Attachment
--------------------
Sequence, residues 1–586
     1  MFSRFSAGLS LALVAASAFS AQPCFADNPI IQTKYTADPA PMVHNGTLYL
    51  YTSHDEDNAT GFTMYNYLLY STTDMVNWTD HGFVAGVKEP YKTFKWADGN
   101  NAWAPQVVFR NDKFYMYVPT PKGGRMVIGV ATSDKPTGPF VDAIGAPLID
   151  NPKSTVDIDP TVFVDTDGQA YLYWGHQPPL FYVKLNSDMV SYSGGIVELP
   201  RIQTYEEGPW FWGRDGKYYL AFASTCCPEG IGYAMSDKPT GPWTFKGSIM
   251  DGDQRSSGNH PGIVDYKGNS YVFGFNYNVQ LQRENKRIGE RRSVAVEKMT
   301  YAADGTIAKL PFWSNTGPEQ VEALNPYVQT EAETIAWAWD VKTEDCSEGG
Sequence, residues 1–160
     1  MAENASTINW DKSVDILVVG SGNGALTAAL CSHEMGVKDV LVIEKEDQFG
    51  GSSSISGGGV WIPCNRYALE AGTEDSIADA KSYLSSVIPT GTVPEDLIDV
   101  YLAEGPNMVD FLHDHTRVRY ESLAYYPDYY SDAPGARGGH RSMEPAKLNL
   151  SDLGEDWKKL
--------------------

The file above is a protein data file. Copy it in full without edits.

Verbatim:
Sequence, residues 1–586
     1  MFSRFSAGLS LALVAASAFS AQPCFADNPI IQTKYTADPA PMVHNGTLYL
    51  YTSHDEDNAT GFTMYNYLLY STTDMVNWTD HGFVAGVKEP YKTFKWADGN
   101  NAWAPQVVFR NDKFYMYVPT PKGGRMVIGV ATSDKPTGPF VDAIGAPLID
   151  NPKSTVDIDP TVFVDTDGQA YLYWGHQPPL FYVKLNSDMV SYSGGIVELP
   201  RIQTYEEGPW FWGRDGKYYL AFASTCCPEG IGYAMSDKPT GPWTFKGSIM
   251  DGDQRSSGNH PGIVDYKGNS YVFGFNYNVQ LQRENKRIGE RRSVAVEKMT
   301  YAADGTIAKL PFWSNTGPEQ VEALNPYVQT EAETIAWAWD VKTEDCSEGG
Sequence, residues 1–160
     1  MAENASTINW DKSVDILVVG SGNGALTAAL CSHEMGVKDV LVIEKEDQFG
    51  GSSSISGGGV WIPCNRYALE AGTEDSIADA KSYLSSVIPT GTVPEDLIDV
   101  YLAEGPNMVD FLHDHTRVRY ESLAYYPDYY SDAPGARGGH RSMEPAKLNL
   151  SDLGEDWKKL